The contrast within individual frames (simultaneous contrast) can be increased when the backlight can be locally dimmed. This can be achieved with backlight units that are realized with arrays of LEDs. High-dynamic-range (HDR) LCDs are using that technique in order to realize (static) contrast values in the range of CR > 100.000.
In order to measure the highest contrast possible, the dark state of the display under test must not be corrupted by light from the surroundings, since even small increments ΔL in the denominator of the ratio (LH + ΔL) / (LL + ΔL) effect a considerable reduction of that quotient. This is the reason why most contrast ratios used for advertising purposes are measured under dark-room conditions (illuminance EDR ≤ 1 lx).
All emissive electronic displays (e.g. CRTs, PDPs) theoretically do not emit light in the black state (R=G=B=0%) and thus, under darkroom conditions with no ambient light reflected from the display surface into the light measuring device, the luminance of the black state is zero and thus the contrast becomes infinity.
When these display-screens are used outside a completely dark room, e.g. in the living room (illuminance approx. 100 lx) or in an office situation (illuminance 300 lx minimum), ambient light is reflected from the display surface, adding to the luminance of the dark state and thus reducing the contrast considerably.
A quite novel TV-screen realized with OLED technology is specified with a dark-room contrast ratio CR = 1.000.000 (one million). In a realistic application situation with 100 lx illuminance the contrast ratio goes down to ~350, with 300 lx it is reduced to ~120.
The contrast that can be experienced or measured in the presence of ambient illumination is shortly called "ambient contrast". A special kind of "ambient contrast" is the contrast under outdoor illumination conditions when the illuminance can be very intense (up to 100.000 lx). The contrast apparent under such conditions is called "daylight contrast".
Since always the dark areas of a display are corrupted by reflected light, reasonable "ambient contrast" values can only be maintained when the display is provided with efficient measures to reduce reflections by anti reflection and/or anti-glare coatings.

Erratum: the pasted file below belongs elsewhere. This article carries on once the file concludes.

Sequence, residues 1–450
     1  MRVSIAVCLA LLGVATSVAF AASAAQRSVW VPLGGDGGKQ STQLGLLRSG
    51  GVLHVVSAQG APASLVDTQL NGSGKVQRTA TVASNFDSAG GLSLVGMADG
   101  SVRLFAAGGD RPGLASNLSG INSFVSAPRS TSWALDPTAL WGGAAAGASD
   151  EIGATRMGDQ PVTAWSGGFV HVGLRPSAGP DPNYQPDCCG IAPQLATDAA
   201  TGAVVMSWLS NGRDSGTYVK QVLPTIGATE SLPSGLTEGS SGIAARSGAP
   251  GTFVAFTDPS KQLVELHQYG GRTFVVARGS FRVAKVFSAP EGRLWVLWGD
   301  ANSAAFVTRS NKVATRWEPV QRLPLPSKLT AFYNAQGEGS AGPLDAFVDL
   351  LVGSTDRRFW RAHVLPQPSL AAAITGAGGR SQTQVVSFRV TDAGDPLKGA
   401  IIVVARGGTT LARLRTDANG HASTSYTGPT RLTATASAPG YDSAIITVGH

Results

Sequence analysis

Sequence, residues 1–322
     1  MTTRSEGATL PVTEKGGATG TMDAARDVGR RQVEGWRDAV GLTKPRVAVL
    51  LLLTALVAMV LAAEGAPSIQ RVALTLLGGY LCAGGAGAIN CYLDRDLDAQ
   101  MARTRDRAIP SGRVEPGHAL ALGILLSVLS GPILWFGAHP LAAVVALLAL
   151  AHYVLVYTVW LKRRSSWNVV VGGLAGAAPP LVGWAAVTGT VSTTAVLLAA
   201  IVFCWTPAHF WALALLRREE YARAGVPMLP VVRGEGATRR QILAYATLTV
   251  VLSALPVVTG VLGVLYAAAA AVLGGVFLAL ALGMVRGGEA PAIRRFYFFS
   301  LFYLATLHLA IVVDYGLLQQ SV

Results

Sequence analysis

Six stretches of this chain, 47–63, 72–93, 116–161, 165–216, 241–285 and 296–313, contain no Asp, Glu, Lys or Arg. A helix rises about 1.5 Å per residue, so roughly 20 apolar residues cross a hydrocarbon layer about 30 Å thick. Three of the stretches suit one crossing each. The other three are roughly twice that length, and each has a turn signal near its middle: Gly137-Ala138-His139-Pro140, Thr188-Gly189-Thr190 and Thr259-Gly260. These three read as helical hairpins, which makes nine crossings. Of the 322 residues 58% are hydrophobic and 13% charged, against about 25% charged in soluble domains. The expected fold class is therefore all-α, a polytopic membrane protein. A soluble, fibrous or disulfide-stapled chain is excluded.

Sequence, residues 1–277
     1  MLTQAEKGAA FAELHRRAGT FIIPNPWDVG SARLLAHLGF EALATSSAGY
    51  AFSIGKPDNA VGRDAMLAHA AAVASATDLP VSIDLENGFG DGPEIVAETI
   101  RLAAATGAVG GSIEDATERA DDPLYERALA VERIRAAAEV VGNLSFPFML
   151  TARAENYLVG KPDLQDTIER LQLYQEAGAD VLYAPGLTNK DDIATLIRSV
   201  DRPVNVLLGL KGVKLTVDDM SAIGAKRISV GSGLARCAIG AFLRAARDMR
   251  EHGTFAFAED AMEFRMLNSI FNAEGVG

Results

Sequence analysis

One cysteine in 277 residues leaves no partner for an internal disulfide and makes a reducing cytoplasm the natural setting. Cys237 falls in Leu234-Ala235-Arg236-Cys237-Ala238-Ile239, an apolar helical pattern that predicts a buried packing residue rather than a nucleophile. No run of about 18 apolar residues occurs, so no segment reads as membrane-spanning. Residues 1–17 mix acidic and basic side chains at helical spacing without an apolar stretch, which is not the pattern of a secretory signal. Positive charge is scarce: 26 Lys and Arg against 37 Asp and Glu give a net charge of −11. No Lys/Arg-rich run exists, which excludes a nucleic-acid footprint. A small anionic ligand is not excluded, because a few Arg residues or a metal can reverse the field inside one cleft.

When a test pattern is displayed that contains areas with different luminance and/or chromaticity (e.g. a checkerboard pattern), and an observer sees the different areas simultaneously, the apparent contrast is called concurrent contrast (the term simultaneous contrast is already taken for a different effect). Contrast values obtained from two subsequently displayed full-screen patterns may be different from the values evaluated from a checkerboard pattern with the same optical states. That discrepancy may be due to non-ideal properties of the display-screen (e.g. crosstalk, halation, etc.) and/or due to straylight problems in the light measuring device.
When a contrast is established between two optical states that are perceived or measured one after the other, this contrast is called successive contrast. The contrast between two full-screen patterns (full-screen contrast) always is a successive contrast.
Methods of measurement
- contrast of direct-view displays
- contrast of projection displays
Depending on the nature of the display under test (direct-view or projection) the contrast is evaluated as a quotient of luminance values (direct-view) or as a quotient of illuminance values (projection displays) if the properties of the projection screen is separated from that of the projector. In the latter case, a checkerboard pattern with full-white and full-black rectangles is projected and the illuminance is measured at the center of the rectangles. The standard ANSI IT7.215-1992 defines test-patterns and measurement locations, and a way to obtain the luminous flux from illuminance measurements, it does not define however a quantity named "ANSI lumen".
If the reflective properties of the projection screen (usually depending on direction) are included in the measurement, the luminance reflected from the centers of the rectangles has to be measured for a (set of) specific directions of observation.
Luminance, contrast and chromaticity of LCD-screens is usually varying with the direction of observation (i.e. viewing direction). The variation of electro-optical characteristics with viewing direction can be measured sequentially by mechanical scanning of the viewing cone (gonioscopic approach) or by simultaneous measurements based on conoscopy.
- Charles Poynton on Weber contrast
- T. Shiga and S. Mikoshiba: "Reduction of LCTV Backlight Power and Enhancement of Gray Scale Capability by Using an Adaptive Dimming Technique", SID03 Digest, pp. 1364-1367
- H. Chen, et al.: "Locally pixel-compensated backlight dimming on LED-backlit LCD TV", JSID 15/12(2007), pp. 981-988
- H. Seetzen, et al.: "A High Dynamic Range Display System Using Low and High Resolution Modulators", SID03 Digest
- STOP Specsmanship
- E. F. Kelley: "Diffuse Reflectance and Ambient Contrast Measurements Using a Sampling Sphere", SID ADEAC06 Digest, pp. 1-5
- E. F. Kelley, et al.: "Display Daylight Ambient Contrast Measurement Methods and Daylight Readability", JSID 14, 11, pp. 1019-1030
- ANSI IT7.215-1992: Data Projection Equipment and Large Screen Data Displays -- Test Methods and Performance Characteristics
- M. E. Becker: "Viewing-cone Analysis of LCDs: a Comparison of Measuring Methods", Proc. SID'96, pp. 199
- Charles Poynton: Reducing eyestrain from video and computer monitors
- Contrast of Sonys XEL-1 OLED-TV-screen with ambient illumination